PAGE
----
Texas Nature Observations and Reminiscenses Page: 83
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TEXAS NATURE OBSERVATIONS AND REMINISCENCES. 83
quietude of the vales and forests
and th]ie 1tler's Le, :u orcn sun-
dowl to early m- orn. The call of
the cllck-will's widw is near
related to the songl of the whip-
poorwill, bAlit by careful listening
thle difference lr tile voice is easi-
During our stav at Satn (;eron-
ill afnd re111( silig in a halmlloclk
undrI' ', v U oinrin ; al onl tree at
the farm, suddenly toward sun-
Wlon . tlIe call (of a chuck-will's
widow bird was heard quite close
by in a cedar and hackberry
thicket, and one of our outing
party proclaimed his delight and
listened attentively to the short
but very melodious tunes of the
bird, but he imagined that it was
the call of a whippoorwill. After
a little while and as the sun dis-
appeared beyond the western hills
and forest, two other bird voices
were Iheard, one calling and the
other as if answering the same
FUEST SCENERY AND KIs I.ILET INSIDE ENO()nRrOS RnOCK STRATA, NEAR Cs ALLAGHER'S RANCH, AT
THE LOGAx-HEIDlE RSON FAR.M. Fine Deer and Wild Turkey Country in the Olden Days,
and the Ilaunts of the Whip-poor-will and Chuckwills Widow Bird
tion from night marauding wild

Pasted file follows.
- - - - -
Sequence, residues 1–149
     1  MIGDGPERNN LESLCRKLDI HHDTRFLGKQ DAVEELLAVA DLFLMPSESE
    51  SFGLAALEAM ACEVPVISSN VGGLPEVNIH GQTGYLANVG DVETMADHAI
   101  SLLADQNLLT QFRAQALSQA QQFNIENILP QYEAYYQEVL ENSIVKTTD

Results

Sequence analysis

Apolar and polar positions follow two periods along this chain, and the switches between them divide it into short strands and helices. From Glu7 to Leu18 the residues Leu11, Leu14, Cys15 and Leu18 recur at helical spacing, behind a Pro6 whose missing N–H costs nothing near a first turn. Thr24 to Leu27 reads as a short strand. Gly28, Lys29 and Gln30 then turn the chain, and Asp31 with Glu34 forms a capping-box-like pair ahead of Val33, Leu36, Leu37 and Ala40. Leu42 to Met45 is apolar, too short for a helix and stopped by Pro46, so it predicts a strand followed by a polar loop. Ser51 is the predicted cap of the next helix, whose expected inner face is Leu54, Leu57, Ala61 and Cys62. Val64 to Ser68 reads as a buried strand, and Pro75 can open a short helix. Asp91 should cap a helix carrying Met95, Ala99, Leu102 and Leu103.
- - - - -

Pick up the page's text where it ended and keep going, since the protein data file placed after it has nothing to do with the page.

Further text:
aniiials, including hawks and
snakes, etc., and more watering
and feeding places than in the
dry, but exceedingly attractive
mountain regions. However,
these as well as all other western
mountain regions with the dense
forests and sparkling springs are
the main haunts of the whippoor-
will and the chuck-will's widow
bird, and they often enliven the
call, and I called my friend's at-
tention to the difference of these
The two calls beingir. louder and
more melodious and it was the
song of the whippoorwill. This
first mentioned bird is much
smaller than the whippoorwill,
but belongs to the same class, the
so-called "aoat-sucker bird," and
its plumage resembles somewhat
that of the bullbat. In exploring
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Menger, R. Texas Nature Observations and Reminiscenses, book, 1913; San Antonio, Texas. (texashistory.unt.edu/ark:/67531/metapth143558/m1/87/?q=menger: accessed December 13, 2017), University of North Texas Libraries, The Portal to Texas History, texashistory.unt.edu; crediting University of Texas Health Science Center Libraries.